Supermassive black hole
An artist's concept of a supermassive black hole at the center of a galaxy NASA/JPL-Caltech

In a few years, astronomers could catch the very first glimpse of powerful gravitational waves coming from merging supermassive black holes. A new study, that used real data instead of computer simulations, predicted that such an observation could be made within the next 10 years.

So far, there have been only five instances of gravitational waves detection. However, none have been observed yet coming from supermassive black holes.

"If you take into account the positions of the pulsars in the sky, you basically have a 100% chance of detecting something in 10 years," Chiara Mingarelli, the study's lead author, said in a statement. "The bottom line is that you're guaranteed to select at least one local supermassive black hole binary."

"Observing low-frequency gravitational waves would be akin to being able to hear bass singers, not just sopranos," said Joseph Lazio, chief scientist of Nasa's Deep Space Network and co-author of the study.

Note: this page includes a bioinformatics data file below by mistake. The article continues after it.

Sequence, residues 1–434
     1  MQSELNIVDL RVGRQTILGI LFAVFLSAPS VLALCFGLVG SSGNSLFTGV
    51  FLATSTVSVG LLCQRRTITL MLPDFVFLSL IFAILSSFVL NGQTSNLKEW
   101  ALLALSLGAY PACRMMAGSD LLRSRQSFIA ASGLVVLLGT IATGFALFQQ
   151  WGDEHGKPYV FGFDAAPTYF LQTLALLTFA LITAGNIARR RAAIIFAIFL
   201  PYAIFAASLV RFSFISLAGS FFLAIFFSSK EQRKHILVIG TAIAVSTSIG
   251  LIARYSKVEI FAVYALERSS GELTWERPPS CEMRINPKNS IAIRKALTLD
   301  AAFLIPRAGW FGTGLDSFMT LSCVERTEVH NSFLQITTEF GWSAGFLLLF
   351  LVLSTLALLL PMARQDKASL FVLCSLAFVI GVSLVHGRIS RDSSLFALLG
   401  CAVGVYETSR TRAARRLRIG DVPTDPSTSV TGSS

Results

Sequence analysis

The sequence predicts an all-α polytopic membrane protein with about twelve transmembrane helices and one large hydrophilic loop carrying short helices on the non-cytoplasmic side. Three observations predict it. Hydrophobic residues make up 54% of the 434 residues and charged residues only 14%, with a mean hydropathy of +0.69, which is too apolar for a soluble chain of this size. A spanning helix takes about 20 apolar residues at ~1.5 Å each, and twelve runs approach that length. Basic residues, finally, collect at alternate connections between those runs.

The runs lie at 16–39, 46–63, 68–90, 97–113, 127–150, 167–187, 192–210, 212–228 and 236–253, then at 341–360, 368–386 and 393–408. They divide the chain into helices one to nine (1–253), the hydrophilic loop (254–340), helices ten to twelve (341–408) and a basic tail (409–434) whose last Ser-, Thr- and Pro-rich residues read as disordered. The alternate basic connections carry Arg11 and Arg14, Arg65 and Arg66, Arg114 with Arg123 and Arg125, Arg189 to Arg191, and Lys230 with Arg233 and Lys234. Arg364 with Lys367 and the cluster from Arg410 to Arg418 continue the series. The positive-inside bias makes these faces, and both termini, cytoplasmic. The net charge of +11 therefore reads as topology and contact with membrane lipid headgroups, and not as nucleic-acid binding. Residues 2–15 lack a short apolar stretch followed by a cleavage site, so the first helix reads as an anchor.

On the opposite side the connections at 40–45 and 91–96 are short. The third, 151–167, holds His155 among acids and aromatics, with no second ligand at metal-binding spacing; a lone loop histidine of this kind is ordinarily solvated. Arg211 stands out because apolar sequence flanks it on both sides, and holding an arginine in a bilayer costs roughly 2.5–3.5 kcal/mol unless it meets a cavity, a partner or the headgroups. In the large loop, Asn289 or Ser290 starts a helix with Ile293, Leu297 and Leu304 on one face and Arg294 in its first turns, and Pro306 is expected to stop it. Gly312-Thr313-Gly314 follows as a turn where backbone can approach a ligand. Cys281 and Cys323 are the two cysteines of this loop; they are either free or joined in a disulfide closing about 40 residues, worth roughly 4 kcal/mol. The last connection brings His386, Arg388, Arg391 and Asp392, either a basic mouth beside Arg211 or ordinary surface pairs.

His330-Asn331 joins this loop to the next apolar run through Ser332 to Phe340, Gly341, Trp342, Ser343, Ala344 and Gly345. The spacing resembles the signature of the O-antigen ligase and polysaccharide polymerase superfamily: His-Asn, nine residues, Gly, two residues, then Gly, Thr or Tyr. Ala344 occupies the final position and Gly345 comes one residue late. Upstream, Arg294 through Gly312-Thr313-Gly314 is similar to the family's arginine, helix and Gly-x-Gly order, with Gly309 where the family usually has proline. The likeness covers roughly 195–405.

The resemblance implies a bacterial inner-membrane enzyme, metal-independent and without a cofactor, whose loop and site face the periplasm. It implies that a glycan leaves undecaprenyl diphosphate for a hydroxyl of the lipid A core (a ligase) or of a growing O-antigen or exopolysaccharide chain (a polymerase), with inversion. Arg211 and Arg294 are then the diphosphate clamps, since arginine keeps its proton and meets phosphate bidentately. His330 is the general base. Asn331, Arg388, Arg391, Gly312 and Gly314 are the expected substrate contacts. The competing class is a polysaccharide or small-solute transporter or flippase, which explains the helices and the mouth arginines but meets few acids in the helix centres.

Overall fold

According to the new study, published in Nature Astronomy, there may be a higher chance of detecting gravitational waves from merging black holes in smaller galaxies. This is because while bigger galaxies have bigger black holes, the mergers also occur fairly quickly. This in turn shortens the time required to observe gravitational waves.

For instance, black holes merging in the massive M87 galaxy would have a four-million-year window of detection. However, the smaller Sombrero Galaxy black holes mergers would offer a 160 million-year window.

"By expanding our pulsar timing array over the next 10 years or so, there is a high likelihood of detecting gravitational waves from at least one supermassive black hole binary," Mingarelli said.

The detection of a supermassive black hole merger could help scientists better understand how giant galaxies and black holes evolve.

"Detecting gravitational waves from billion-solar-mass black hole mergers will help unlock some of the most persistent puzzles in galaxy formation," said Leonidas Moustakas, a Nasa JPL research scientist.